Deep Gravity #1
Story by Mike Richardson
Script by Gabriel Hardman and Corinna Bechko
Art by Fernando Baldó
Colors by Nick Filardi
Review by Joey Braccino
Science-fiction is ruling the cultural zeitgeist right now. Between critically acclaimed films like Gravity and worldwide franchise phenomenon like the return of Star Wars and Star Trek, space operas and hard science-fiction are quickly regaining the imaginative and creative weight that they once had. The upcoming Guardians of the Galaxy and Interstellar further the notion that space is, once again, the final frontier for sci-fi storytelling. And yet, with the increased interest in the genre, we often see a glut of repetitive or redundant stories.
Enter Deep Gravity #1, a new original comics series from Dark Horse. The premise is familiar; a planet similar to Earth has been discovered and, as is often the case, corporations have started carving out pieces and resources. Sound familiar? Look no further than Avatar or Firefly or Alien for the stylistic inspiration for Deep Gravity. In this new series, Poseidon, “a planet not unlike our own yet utterly alien,” serves as a sort of mine for the MAELSTROM SCIENCE AND TECHNOLOGY CORPORATION. Three years away, the dreadnaught spaceship Vanguard goes back and forth between Earth and Poseidon transporting new ground teams and assorted minerals and indigenous species. The colonization story, like much of the sci-fi canon, is pretty standard fare for the genre, probably because of its easy thematic parallels to our own history. So while the concepts are often repeated, it’s up to the writing and characters to drive the interest a given story.
Fortunately, Deep Gravity is grounded in some excellent characterization and conflict separate from its higher interstellar exploits. Dark Horse founder and president Mike Richardson is responsible for the story concepts, while writers Gabriel Hardman and Corinna Bechko of Planet of the Apes and Star Wars: Legacy produce the script. Richardson is known for pitching ideas and hiring exceptional writers to flesh out the stories; in the mid-‘90s, Richardson created The Mask and selected John Arcudi (BPRD and work on several DC series) and Doug Mahnke (Green Lantern) to helm the new series. The deep gravity concept (the larger a body in space, the stronger the gravitational pull; closer being “deeper”) serves as the operant theme for the new series, driving the character interactions rather than simply being something sci-fi. Hardman and Bechko introduce the core relationships; protagonist Paxon is a third-string engineer who transferred onto the Vanguard so that he could get to Poseidon and meet up with Michelle Robinson, a hard-as-nails science staff operative responsible for collecting and maintaining the animals for transport. There is clearly a past between the two, one that Paxon still holds on to while Michelle wants nothing to do with, and let’s just say that the cliffhanger to the first issue ensures they’ll have plenty of time to work through the conflict. And the conflict is palpable, which proves just enough to give Deep Gravity its own reason for telling its story. The ending to the first issue also points to some sort of larger conspiracy, so perhaps there is more to the “deep gravity” concept that simply a failed romance.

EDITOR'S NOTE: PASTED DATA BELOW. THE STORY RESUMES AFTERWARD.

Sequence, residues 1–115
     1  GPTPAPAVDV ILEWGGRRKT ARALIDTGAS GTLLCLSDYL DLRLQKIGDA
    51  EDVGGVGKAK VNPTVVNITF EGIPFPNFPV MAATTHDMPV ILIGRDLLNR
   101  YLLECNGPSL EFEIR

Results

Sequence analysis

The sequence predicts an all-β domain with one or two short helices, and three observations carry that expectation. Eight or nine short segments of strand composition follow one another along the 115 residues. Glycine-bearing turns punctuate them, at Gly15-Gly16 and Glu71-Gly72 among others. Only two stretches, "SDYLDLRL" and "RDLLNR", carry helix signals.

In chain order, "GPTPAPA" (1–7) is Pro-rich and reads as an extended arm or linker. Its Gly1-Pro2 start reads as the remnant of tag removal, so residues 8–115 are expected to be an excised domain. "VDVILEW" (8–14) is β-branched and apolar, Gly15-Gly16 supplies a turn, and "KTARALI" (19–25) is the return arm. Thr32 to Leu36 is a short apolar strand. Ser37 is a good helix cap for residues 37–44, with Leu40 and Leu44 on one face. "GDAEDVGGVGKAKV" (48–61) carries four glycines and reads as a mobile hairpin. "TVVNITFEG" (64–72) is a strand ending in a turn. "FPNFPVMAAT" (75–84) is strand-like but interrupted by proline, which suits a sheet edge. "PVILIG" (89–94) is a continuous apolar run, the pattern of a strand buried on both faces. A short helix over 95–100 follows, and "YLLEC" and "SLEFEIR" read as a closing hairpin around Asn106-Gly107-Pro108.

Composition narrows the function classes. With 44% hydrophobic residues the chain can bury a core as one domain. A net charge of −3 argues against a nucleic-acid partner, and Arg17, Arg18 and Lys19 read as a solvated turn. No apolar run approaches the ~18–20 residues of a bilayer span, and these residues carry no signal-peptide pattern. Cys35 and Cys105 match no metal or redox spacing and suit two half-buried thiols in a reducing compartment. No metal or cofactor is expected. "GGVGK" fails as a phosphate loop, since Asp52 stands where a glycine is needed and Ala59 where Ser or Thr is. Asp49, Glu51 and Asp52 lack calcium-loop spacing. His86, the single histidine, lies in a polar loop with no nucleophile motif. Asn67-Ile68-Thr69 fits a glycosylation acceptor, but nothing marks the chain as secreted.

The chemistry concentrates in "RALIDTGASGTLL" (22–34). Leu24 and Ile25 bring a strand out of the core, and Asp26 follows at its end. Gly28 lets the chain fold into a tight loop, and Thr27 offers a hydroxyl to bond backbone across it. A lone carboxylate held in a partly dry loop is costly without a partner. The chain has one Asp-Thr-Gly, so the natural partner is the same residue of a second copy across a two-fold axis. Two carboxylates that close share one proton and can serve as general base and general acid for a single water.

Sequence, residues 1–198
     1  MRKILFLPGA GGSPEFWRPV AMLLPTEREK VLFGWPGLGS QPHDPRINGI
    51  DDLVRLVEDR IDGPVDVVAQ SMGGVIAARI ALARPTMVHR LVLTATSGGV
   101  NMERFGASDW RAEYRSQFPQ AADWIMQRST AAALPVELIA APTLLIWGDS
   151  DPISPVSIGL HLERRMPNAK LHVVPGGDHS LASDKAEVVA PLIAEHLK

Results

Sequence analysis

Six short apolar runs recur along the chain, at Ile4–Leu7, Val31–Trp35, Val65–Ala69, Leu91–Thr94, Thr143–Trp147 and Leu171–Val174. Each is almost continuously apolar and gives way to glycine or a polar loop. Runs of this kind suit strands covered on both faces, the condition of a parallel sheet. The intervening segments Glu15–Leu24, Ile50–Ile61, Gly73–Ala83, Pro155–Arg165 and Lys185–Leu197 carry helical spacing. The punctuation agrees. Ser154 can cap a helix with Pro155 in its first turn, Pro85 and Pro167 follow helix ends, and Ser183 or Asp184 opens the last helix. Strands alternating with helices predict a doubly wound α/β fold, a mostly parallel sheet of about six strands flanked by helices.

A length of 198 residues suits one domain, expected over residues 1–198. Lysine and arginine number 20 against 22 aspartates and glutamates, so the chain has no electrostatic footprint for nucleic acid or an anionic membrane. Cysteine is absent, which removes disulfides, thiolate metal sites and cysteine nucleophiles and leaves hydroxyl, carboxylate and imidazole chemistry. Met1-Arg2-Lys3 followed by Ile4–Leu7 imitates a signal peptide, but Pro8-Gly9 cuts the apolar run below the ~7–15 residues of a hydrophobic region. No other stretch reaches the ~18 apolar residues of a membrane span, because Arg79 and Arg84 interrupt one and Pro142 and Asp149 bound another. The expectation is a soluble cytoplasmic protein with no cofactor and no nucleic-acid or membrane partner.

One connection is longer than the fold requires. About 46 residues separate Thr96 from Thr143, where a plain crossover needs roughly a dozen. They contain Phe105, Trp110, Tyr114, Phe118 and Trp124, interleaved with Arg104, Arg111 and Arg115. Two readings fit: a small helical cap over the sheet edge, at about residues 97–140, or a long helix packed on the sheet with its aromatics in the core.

Fernando Baldó’s stark realism works wonders for the visual experience of Deep Gravity. Science-fiction—particularly that which takes us to other worlds—often resorts to otherworldly or occasional surreal aesthetics that bleed into the art style. This isn’t necessarily a bad thing, but for a series that wants to ground itself in character rather than concept, Baldó’s straightforward naturalism emphasizes the people while making the alien creatures actually pop as alien when they do show up. Nick Filardi’s colors have a muted quality to them, paralleling Baldó’s realism, except of course when the creatures and plants show up, which is when the sharp blues and greens flood the page.
Worth a look. Deep Gravity is a high-concept, character-driven sci-fi series from Dark Horse comics by Corinna Bechko and Gabriel Hardman. It’s refreshing to see these two writers who are known for their work on established franchises like Planet of the Apes and Star Wars take a shot at something new. While the concepts may be familiar, Deep Gravity has just enough intrigue and intercharacter conflict to make it its own entity. Check it!